These images were made with a camera purchased at a thrift store for 50 cents (seen below) and a $9 roll of Kodak Portra 400. The roll was processed for $15. So, for under $25 you can make images that, in my opinion, rival that of a DSLR, all with the added bonus of not having to spend time fine tuning the image in post production. That still blows my mind.
Even full-featured, high-end film cameras are cheap compared to their digital counterparts. I recently purchased one of Nikon’s “professional” SLR film bodies, the N90s, for $85. It’s original MSRP was over $1000 in 1997 dollars.
Film may be expensive and less reliable than just shooting digital, but I’ve yet to find a feeling that matches getting photos back and seeing that I completely nailed an exposure and composition. When I first learned how to shoot, develop and print film in college, I became a better photographer because I was seeing the full spectrum of the process. It wasn’t just pressing a button and seeing an image on my phone’s screen, it was loading the appropriate film, picking the right lens or focal length, composing, choosing the appropriate combination of shutter speed and aperture, manually focusing, pressing the shutter button, rewinding the film, loading the development tank, developing, making a contact sheet, and finally arduously printing an individual photo. The end result now had meaning bestowed upon it. The precise work put into the printed photograph was just as important at the visual aspect of the image itself.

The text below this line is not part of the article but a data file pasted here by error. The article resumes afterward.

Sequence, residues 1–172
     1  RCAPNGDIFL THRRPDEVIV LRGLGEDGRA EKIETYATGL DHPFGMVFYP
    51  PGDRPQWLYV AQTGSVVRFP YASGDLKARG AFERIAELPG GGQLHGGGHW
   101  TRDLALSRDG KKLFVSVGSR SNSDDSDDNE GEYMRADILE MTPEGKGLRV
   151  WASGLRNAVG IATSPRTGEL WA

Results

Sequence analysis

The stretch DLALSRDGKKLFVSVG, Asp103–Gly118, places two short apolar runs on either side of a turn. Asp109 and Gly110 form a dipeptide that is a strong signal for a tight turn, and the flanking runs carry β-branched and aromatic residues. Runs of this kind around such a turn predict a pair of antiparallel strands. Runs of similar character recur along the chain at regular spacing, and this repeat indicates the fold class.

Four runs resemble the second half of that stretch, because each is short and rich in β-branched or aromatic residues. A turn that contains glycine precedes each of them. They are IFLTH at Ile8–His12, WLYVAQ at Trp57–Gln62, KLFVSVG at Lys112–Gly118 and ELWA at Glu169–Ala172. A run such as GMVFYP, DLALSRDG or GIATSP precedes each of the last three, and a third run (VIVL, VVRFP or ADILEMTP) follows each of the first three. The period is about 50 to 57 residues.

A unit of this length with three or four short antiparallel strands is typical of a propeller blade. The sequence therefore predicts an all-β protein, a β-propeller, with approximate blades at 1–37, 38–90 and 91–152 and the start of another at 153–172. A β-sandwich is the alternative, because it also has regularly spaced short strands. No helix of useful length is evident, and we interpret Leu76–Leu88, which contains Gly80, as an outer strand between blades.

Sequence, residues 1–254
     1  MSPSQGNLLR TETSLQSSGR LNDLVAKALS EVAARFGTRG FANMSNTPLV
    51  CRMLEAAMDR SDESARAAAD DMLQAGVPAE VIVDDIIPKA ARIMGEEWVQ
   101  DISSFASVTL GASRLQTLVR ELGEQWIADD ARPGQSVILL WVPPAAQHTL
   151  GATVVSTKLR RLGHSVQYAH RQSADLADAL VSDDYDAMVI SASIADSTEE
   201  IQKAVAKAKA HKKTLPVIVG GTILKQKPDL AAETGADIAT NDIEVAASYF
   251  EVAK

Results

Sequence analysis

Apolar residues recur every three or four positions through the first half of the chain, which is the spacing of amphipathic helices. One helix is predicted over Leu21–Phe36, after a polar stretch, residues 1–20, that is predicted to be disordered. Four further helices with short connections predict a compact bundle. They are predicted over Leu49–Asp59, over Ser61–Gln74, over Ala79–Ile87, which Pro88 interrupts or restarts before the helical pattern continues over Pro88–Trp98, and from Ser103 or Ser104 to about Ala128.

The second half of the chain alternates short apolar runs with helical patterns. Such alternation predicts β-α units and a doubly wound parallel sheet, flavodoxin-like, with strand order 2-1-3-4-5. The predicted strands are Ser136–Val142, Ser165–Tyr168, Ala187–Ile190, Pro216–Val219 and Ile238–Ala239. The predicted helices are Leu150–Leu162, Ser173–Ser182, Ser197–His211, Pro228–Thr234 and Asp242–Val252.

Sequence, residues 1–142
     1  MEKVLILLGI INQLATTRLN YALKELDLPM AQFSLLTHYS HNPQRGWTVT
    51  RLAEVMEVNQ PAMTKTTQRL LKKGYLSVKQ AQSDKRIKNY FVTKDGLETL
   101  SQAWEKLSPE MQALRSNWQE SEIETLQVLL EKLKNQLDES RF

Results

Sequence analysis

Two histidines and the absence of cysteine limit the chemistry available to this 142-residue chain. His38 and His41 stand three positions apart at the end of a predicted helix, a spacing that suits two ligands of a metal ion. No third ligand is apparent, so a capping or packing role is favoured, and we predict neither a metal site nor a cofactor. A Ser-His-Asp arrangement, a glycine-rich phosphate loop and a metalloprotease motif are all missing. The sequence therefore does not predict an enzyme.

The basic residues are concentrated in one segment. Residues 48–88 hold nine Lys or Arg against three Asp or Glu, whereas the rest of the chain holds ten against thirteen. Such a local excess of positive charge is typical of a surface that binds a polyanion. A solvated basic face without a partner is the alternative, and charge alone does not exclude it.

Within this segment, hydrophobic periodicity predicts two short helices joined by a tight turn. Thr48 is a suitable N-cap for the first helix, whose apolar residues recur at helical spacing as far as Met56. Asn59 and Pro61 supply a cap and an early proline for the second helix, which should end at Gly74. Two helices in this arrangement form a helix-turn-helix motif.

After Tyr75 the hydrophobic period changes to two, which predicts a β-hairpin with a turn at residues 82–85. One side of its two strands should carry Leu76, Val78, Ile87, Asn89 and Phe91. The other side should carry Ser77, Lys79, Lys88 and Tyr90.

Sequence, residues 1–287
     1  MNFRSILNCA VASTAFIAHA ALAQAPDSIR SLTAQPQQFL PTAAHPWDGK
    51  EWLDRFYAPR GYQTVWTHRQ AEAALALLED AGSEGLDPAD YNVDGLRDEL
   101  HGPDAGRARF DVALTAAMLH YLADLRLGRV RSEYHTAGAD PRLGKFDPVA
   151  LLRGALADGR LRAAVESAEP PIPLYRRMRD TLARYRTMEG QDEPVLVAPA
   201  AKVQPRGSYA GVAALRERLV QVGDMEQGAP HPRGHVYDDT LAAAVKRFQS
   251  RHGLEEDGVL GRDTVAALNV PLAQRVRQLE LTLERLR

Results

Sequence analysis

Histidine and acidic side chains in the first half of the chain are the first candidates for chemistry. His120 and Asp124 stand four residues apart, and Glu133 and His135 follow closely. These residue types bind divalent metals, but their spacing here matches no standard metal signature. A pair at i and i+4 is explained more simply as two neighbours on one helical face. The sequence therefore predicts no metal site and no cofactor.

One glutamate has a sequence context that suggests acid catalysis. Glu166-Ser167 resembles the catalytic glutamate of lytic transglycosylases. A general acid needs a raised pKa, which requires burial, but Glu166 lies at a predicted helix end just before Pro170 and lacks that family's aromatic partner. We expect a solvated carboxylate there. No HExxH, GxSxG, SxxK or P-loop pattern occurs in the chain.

Paying the extra money to shoot film isn’t just about paying for an authentic, retro look. For me, it’s worth the time and money for forcing me to live more in the picture-taking moment, to spend more time with reality, rather than the representation of it, and to create art under a purely physical and chemical medium.